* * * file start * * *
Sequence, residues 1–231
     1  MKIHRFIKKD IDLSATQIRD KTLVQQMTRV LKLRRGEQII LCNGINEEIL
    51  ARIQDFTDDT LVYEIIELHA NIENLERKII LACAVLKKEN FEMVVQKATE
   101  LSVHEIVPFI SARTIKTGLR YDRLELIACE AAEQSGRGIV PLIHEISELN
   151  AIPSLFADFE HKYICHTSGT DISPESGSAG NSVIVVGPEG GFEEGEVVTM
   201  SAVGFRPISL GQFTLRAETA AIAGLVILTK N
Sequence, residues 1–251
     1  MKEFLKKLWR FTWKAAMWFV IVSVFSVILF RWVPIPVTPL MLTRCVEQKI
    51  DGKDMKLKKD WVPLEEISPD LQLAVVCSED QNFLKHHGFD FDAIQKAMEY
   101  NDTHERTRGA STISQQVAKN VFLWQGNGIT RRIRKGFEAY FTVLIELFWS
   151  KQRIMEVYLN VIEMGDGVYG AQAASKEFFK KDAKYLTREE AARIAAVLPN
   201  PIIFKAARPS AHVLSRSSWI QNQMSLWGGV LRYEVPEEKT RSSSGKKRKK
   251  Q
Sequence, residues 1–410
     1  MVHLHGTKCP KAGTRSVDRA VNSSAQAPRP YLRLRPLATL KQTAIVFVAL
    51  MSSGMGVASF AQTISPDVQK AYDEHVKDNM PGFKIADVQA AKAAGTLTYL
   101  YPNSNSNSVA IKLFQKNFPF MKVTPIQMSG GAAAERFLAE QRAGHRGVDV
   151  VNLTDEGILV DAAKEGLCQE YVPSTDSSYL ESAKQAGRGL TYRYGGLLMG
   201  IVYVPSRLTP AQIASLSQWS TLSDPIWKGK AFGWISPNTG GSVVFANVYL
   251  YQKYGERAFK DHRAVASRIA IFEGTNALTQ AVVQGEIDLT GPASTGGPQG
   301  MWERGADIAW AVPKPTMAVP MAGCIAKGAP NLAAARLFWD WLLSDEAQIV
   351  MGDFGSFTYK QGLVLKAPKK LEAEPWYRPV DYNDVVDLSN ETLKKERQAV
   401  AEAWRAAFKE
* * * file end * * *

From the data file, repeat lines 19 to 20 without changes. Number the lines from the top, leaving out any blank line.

   201  IVYVPSRLTP AQIASLSQWS TLSDPIWKGK AFGWISPNTG GSVVFANVYL
   251  YQKYGERAFK DHRAVASRIA IFEGTNALTQ AVVQGEIDLT GPASTGGPQG